ECONOMY

EU president in accord with carmakers on CO2 time frame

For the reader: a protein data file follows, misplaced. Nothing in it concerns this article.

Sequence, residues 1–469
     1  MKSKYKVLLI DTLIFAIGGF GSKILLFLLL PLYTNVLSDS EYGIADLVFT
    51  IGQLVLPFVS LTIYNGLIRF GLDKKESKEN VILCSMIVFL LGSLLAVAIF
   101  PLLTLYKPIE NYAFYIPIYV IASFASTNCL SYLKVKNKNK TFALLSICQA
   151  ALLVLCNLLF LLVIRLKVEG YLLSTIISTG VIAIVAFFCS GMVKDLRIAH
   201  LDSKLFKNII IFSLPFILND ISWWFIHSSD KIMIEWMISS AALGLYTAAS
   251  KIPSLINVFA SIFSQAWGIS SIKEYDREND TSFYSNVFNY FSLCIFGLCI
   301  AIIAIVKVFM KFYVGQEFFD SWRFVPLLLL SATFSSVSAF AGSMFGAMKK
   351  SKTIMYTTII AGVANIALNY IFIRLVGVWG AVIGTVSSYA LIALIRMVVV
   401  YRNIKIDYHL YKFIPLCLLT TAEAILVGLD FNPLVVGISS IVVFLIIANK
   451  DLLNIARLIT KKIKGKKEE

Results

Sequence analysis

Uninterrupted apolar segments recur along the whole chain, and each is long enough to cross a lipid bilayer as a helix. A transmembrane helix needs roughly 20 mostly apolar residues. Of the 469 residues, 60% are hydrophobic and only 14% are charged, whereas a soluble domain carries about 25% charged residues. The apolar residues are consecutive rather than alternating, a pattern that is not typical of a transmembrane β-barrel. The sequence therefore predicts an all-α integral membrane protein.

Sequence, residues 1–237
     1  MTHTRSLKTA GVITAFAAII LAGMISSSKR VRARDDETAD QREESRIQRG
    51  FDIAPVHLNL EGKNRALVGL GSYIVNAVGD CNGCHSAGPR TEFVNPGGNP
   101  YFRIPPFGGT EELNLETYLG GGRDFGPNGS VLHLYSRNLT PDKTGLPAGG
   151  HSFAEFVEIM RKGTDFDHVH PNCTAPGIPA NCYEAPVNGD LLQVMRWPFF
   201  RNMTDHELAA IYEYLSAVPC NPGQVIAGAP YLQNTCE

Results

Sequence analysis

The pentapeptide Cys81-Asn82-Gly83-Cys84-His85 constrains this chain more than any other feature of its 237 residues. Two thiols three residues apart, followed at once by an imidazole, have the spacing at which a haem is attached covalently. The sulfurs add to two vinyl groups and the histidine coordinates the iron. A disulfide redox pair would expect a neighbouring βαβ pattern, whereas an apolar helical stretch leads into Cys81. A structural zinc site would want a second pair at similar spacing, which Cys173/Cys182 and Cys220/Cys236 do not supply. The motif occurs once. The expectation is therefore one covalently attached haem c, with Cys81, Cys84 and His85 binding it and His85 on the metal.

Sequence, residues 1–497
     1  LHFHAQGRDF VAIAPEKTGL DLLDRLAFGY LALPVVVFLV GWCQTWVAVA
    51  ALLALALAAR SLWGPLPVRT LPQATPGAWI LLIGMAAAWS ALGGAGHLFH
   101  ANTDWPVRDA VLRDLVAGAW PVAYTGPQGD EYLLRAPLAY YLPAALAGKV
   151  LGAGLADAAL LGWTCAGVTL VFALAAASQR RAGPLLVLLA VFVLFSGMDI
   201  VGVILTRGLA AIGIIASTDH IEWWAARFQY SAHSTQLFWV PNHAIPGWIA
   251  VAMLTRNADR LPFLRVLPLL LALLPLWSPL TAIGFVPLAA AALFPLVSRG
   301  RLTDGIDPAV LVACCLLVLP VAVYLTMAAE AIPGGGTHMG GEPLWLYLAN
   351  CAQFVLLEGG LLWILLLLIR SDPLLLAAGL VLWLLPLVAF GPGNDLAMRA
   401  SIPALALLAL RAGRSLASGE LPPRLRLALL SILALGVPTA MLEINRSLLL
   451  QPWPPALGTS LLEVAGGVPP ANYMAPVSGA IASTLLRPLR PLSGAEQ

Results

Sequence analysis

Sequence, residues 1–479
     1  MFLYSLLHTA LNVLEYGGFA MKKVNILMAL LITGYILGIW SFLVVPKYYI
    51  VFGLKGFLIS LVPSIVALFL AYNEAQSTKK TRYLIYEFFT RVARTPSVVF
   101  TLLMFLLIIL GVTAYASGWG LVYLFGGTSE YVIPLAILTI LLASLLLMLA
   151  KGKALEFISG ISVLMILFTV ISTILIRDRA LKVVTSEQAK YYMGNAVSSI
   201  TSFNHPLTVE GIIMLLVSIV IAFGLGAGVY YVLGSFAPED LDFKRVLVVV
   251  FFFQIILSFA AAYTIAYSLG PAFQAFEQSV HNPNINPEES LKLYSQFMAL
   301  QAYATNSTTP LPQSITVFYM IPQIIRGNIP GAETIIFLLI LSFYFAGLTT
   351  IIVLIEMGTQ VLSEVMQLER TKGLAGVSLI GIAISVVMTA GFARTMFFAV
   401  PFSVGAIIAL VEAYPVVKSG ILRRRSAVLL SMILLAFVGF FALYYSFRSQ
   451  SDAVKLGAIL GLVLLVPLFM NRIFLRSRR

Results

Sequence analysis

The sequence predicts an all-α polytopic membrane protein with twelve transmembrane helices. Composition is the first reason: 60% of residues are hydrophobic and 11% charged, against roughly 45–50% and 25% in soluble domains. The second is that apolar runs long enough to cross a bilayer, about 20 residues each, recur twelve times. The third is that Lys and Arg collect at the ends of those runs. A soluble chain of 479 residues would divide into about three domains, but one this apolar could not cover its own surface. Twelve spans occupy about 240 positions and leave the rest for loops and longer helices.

LJUBLJANA – European carmakers have presented convincing arguments as they demand more time to meet proposed limits on carbon dioxide (CO2) emissions from their vehicles, EU presidency Slovenia said yesterday. «This argument, that it is too soon to adopt such a radical change, is quite convincing. We must be aware of this problem and we must solve it so that both sides are happy,» Slovenian Economy Minister Andrej Vizjak told Reuters in an interview. As part of a wider effort to cut emissions blamed for global warming, the European Commission has proposed tough legislation to reduce CO2 emissions from cars, with steep fines on manufacturers that fail to comply. The European Union’s executive body wants cars to meet by 2012 an average limit of 120 grams per kilometer of CO2 – the main greenhouse gas blamed for climate change. It wants engine technology to achieve a cut to 130 g/km, with other improvements in tires, gears and air conditioning to do the rest. But car producers are demanding at least three more years to meet the target, saying the cost of meeting the 2012 deadline would hurt the industry and undermine their ability to compete globally. «We understand the reservations of some European car production companies,» said Vizjak, whose country holds the EU’s rotating presidency in the first half of 2008. During the presidency, Slovenia oversees negotiations on CO2 car emissions among the EU’s 27 governments and the European Parliament. Vizjak said he was confident a deal would be reached in the second half of 2008 under the French presidency of the EU. A non-binding European Parliament report has backed the call for more time, saying manufacturers should reduce the average level of C02 emitted to 125 grams per kilometer by 2015. «Where there are clear and acceptable proposals, we will take it into account. These emissions from cars are extremely important from the point of view of the competitiveness of our car industry,» said Vizjak. Automakers say they will not be able to meet the 2012 deadline, considering the long production cycle of cars. Two-thirds of the vehicles that will be on the road in 2012 are being built at the moment, they say. German companies, such as Porsche, BMW and Mercedes-Benz, are lobbying especially hard against an early deadline, because they produce luxury models with higher emissions than many other cars. Under the Commission’s proposal, fines on companies for non-compliance will start at -20 per new car for each excess gram per kilometer in 2012 on average over the whole fleet, and rise to -95 g/km in 2015.